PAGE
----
A 14-minute trailer for the film posted on YouTube sparked violence in the Middle East, including an attack in Libya in which a U.S. ambassador was killed. Nakoula, a Coptic Christian and American citizen who served federal prison time for check fraud, told The Associated Press in a short interview last week that he was involved in management and logistics for the anti-Islamic film. Federal officials, however, told the AP they have concluded he was behind the movie.
Furor over the film has been widespread. Bahrain protesters used Twitter to organize demonstrations that included burning American flags in the nation that hosts the U.S. Navy's 5th Fleet. Pakistan's conservative Islamist parties sent out text messages, mosque announcements and made phone calls to bring out protest crowds, including about 1,000 people in the northwestern city of Peshawar on Sunday and hundreds who rushed the U.S. consulate in Karachi, sparking clashes with police in which one demonstrator was killed.
"Yes, we understand the First Amendment and all of this stuff," wrote Khalid Amayreh, a prominent Islamist commentator and blogger in Hebron on the West Bank. "But you must also understand that the Prophet (for us) is a million times more sacred than the American Constitution."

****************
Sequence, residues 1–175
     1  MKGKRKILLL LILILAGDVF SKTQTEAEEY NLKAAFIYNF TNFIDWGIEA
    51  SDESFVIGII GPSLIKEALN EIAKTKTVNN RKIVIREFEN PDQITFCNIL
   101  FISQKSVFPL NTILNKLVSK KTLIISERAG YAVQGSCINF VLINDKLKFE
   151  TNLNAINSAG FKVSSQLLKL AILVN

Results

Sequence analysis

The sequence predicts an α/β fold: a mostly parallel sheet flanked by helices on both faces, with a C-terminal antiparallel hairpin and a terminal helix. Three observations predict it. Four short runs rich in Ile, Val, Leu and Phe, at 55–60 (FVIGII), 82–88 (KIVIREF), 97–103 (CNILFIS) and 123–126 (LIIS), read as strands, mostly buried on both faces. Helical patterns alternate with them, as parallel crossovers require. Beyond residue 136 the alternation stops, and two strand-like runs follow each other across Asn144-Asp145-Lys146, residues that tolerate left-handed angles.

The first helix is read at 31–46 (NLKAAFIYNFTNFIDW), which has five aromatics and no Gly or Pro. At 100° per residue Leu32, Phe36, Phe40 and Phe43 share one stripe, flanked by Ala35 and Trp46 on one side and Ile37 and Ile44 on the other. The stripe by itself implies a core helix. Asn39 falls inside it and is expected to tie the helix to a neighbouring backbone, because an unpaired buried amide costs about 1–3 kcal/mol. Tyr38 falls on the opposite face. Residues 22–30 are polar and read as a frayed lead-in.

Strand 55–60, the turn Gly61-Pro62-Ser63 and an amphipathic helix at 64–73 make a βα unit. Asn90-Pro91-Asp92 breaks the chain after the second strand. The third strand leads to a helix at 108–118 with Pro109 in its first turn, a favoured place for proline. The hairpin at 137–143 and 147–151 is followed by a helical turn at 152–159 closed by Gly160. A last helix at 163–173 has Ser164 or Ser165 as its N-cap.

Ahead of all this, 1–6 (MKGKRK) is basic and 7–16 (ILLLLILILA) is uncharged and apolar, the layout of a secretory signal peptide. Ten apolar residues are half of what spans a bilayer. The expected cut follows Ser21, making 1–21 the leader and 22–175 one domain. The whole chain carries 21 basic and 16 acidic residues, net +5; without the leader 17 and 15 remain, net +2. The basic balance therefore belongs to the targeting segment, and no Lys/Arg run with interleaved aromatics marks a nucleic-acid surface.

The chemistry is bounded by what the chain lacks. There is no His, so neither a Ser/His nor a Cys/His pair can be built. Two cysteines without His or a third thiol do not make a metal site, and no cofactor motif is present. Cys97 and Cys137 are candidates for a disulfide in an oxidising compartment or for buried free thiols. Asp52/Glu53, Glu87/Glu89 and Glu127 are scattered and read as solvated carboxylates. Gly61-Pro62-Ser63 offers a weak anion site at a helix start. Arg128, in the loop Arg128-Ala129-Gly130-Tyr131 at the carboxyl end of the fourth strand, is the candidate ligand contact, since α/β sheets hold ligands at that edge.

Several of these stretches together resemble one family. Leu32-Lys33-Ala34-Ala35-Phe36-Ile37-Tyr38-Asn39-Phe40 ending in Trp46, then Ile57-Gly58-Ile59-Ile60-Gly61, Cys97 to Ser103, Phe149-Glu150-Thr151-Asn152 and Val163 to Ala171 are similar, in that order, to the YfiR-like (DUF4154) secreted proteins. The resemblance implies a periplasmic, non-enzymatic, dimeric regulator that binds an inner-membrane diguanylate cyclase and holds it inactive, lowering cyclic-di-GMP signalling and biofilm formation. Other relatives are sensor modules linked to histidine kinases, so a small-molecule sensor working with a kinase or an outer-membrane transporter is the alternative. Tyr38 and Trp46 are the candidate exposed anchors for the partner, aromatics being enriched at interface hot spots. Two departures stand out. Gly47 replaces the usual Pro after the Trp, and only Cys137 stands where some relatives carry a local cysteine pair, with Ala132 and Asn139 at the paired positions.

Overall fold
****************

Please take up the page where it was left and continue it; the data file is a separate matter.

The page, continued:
In America, the government can't even order that the video be removed from YouTube. All it can do is ask. And so far, parent company Google has declined, saying the video was within its guidelines for content. The company did restrict access to the video in certain countries, including Egypt, Libya and Indonesia, the world's most populous Muslim nation.
"This can be a challenge because what's OK in one country can be offensive elsewhere," the company said in a statement.
That's precisely the point about the First Amendment, Armour said.
"The reason it is a constitutionally protected interest is precisely because it may prove unpopular," he said. "Words and images don't just convey information, they are attached to consequences. That's when we really have to ask ourselves, 'What price are we willing to pay for that First Amendment interest?' And these are the times that really test our convictions."
Repressing Nakoula's right to make the video would set the U.S. on a slippery slope that might eventually lead to censorship of such shows such as "South Park," which often pokes fun at Jesus Christ, and other religious parodies that are "woven into the American way," said Armour.
In 1975, former CIA agent Philip Agee published a book detailing agency operations and disclosing the names of a number of CIA agents working undercover overseas, Rosenthal said. Even in that instance, the U.S. government didn't press criminal charges but instead revoked Agee's passport and sued him for the book's profits.
"It's not clear that there is, on the books today, a law that makes what (Nakoula) did a crime," Rosenthal said. "This is an extremely difficult problem."
Indeed, federal officials have said they are looking at Nakoula only in the context of whether he violated his probation for the fraud conviction. Under terms of his sentence, he was banned from using computers or the Internet as part of his sentence.
The probation issue "gives the government a relatively low visibility way of prosecuting him but not technically for what he said and how inflammatory it was," Armour said. "It may be a way of splitting the baby."
Associated Press writer Brian Murphy in Dubai, United Arab Emirates, contributed to this report.
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